A New York correspondent says: "Will you kindly inform me whether a tomato is classed as a fruit or a vegetable?" The horticultural answer is, that it is a vegetable. If the question were put to a botanist he would answer that it was a fruit. He would say the same of a pine cone with its seeds, or of a spike with its hay seed. On the other hand he would say that a pear was a vegetable, if the question were one that bore on the distinction between plants and animals. We see that the answer depends on the view of the questioner. In the household a fruit which is generally eaten cooked would be a vegetable; that which is generally eaten uncooked would be fruit. We use the word "generally," because the lines sometimes overlap.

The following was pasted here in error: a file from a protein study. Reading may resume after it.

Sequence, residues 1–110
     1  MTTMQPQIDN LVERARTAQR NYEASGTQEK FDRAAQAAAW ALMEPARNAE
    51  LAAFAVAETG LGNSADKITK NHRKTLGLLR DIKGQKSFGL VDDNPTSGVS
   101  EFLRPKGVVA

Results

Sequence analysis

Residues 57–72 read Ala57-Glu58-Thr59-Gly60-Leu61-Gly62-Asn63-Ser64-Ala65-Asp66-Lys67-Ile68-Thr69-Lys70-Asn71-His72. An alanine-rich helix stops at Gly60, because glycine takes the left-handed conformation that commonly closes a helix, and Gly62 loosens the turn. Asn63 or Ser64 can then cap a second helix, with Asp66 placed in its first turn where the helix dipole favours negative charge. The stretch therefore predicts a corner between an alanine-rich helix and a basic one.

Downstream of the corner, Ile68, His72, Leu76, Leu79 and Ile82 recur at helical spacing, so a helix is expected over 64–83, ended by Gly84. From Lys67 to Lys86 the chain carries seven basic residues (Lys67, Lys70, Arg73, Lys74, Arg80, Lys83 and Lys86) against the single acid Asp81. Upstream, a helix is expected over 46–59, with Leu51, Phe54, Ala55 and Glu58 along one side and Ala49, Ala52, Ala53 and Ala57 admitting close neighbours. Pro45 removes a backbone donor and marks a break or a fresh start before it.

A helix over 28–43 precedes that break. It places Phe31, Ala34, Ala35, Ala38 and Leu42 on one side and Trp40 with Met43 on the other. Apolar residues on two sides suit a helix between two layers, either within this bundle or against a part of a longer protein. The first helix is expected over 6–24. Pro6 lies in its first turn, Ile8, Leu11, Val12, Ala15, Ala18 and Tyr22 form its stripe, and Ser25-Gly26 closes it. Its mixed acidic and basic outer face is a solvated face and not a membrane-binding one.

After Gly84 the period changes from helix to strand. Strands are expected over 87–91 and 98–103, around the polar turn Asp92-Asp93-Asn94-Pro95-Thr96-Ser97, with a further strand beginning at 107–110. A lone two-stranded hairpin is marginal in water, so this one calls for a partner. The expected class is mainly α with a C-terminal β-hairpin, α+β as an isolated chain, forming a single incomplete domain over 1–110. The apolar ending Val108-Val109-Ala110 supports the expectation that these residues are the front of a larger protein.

A squash and a water-melon are both fruits botanically, but the squash is classed conventionally as a vegetable, and the water-melon as a fruit; the cooking idea, evidently deciding the case. Much depends on the class in which the subject under discussion was originally introduced under. The tomato was first introduced to gastronomy by the cook; in subsequent years it has been found good to eat raw. But the law of priority gives the class to the cook; it is a vegetable.

It is the general or original uses of the article that decide its class when we come to arbitrary classification, outside of science.